How to Protect Your Backups from Ransomware - All You Need To Know
Ransomware is now the number one threat to data and business across the world. Ensuring your information is protected and can be recovered in the event of a Ransomware attack should be part of your cybersecurity recovery playbook. Safeguarding and defending against bad actors needs to be part of an overall Cybersecurity strategy, and that strategy must contain an initiative on how to recover from Ransomware based encrypted backup attacks.
The critical part of protecting yourself from a Ransomware attack is to ensure you have the right level of protection against all ranges of cyber-threats that can make cyber-attacks that much harder to succeed. Failure to put these strategies in place will mean constant attacks and even paying ransoms to recover data.
Putting in strategies and barriers across your IT is key to reducing the overall risk of an attack being successful. Your data is the lifeblood of your business and protecting it should be a goal across your company. Being able to recover from attacks, deletions, compromises, or technology failures means having a robust backup strategy that is underpinned by processes and solutions.
How to Ransomware-Proof your Backups
Backups are essential to your business if you want to protect yourself from data and system outages. A Ransomware attack is an unwelcome event and one that can devastate your business. Having a backup strategy for your business can be the difference between boom or bust in the event of a Ransomware attack. Let’s now look at the mitigation steps required.
Six things you can do to protect your data from Ransomware.
1. Have a Backup Strategy: You would think this is standard, right? After all, backing up data means you can restore if you accidentally delete or lose something? At least that’s what the general use case is. But we see far too many businesses not placing priority on a backup strategy. Identifying your data and then ensuring you have a daily backup should be a critical process managed by your iT support team. But what is more important is ensuring that backups are tested, and restoration is validated. After all, it is pointless to have a data backup if you can restore it?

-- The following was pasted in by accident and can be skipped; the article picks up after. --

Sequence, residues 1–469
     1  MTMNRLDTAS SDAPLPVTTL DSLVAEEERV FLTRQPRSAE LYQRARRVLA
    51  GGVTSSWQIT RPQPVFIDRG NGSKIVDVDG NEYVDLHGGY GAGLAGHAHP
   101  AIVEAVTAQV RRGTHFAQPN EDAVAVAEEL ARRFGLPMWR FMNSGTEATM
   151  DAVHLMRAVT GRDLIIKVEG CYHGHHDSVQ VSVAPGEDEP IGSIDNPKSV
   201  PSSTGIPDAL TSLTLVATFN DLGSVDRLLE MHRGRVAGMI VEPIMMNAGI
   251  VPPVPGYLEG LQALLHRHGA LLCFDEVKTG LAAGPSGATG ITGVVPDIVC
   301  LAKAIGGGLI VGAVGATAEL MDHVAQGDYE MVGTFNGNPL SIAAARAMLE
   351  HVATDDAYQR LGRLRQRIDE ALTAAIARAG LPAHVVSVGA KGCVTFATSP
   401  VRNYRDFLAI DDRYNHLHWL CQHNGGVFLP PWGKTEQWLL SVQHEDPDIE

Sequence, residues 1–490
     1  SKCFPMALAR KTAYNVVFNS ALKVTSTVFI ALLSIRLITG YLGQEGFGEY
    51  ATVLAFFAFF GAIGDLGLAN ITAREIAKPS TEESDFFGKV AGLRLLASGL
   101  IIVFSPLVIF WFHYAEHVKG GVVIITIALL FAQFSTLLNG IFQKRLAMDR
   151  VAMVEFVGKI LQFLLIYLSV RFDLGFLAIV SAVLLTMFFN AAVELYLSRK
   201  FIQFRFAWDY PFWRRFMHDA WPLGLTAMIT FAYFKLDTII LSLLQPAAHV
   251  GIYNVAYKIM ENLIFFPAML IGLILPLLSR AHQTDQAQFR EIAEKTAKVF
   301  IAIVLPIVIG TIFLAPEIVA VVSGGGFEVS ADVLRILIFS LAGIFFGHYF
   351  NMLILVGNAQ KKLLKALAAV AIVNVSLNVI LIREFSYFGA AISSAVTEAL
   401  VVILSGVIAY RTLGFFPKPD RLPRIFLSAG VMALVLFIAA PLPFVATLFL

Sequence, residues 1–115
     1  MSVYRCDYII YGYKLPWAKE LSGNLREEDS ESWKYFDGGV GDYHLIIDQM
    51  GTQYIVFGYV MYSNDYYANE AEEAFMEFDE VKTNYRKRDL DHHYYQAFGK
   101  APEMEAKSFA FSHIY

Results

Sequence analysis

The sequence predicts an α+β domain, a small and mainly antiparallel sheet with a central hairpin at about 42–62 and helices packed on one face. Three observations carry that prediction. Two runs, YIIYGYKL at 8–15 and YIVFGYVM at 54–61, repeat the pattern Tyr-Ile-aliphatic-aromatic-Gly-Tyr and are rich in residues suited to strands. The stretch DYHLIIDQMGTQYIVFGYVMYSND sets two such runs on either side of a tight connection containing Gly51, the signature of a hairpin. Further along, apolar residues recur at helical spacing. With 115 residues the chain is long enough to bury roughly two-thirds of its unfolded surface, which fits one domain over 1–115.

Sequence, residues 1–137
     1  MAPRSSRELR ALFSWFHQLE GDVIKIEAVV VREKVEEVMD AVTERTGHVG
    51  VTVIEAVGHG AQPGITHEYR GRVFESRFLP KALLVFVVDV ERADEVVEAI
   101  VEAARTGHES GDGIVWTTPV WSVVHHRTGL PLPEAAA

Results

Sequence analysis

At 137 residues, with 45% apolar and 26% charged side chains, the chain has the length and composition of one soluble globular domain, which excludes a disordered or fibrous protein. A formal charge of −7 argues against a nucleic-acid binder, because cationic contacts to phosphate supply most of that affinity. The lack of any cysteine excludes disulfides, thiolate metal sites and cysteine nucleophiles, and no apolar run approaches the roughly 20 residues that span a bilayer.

2. Keep Offline Backups: Placing backups on servers or storage that can be hit with Ransomware is never recommended. Your backup strategy must include a process where the data backups are moved or copied to another location. This ensures if the servers or network are compromised, your backups can remain safe.
How would you keep your backups safe? Well, maintain a secondary backup copy that is pushed to another location or device and can be then made to go “offline”. Ransomware can only attack and encrypt data that it can access; if it is not online, there is limited encryption risk.
3. Scan Backups with Anti-Malware / Anti-Virus regularly: The majority of anti-virus solutions in the market now have backup aligned protection that it is able to recognise and monitor. If the backup file(s) are changed, or there is abnormal activity on the file, then the anti-virus solution will protect the files.
4. Increase your backup frequency: The majority of backup solutions in the market can offer several ways to perform backups. The frequency of backups is an essential part of your recoverability and backup strategy. The options you choose would be defined by your RPO (recovery point objective) and RTO (recovery time objective). But what are RPO and RTO?
What is RPO: Recovery Point Objective is the amount of data you can afford to lose in an outage event. Let’s say that you have an outage at noon, and you don’t recover the service till 3 pm – are you able to suffer 3 hours of lost data?
What is RTO: Recovery Time Objective is the time it takes to recover from an outage. Let’s say you have an outage of service at 4 pm and it is recovered by 6pm; could your business tolerate 3 hours of that service not being available?
Once you have defined the above, you should align your backup process and jobs to ensure they meet the requirements.
5. Use Immutable Storage: File-level storage is always targeted and easy to access. Bad actors usually focus on searching for file-level storage as they know it’s more straightforward to manipulate, and security will be lax. Being able to have an immutable storage configuration means that unexpected changes are blocked and alerted on. This will make it harder for Ransomware and Malware to execute against data stored on it.
6. Use backup alerting: Being informed about backup statuses and progress should be part of your IT operational processes. The goal should be to validate that backups are completing, and any issues are quickly rectified.
Can Ransomware infect encrypted backups?
Yes. Ransomware can infect virtually any unprotected file and it will delete or encrypt it all. This is part of the Ransomware attack’s payload and, when successful, will mean that you must pay a ransom to recover the file.
Having a reliable backup strategy underpinned with monitoring and alerting is critical in protecting against a ransomware attack. We hope that this blog has encouraged you to review your current backup practices. If you would like a no-obligation chat about your current backup processes or would like to explore other services we have to offer, please feel free to call us or contact us here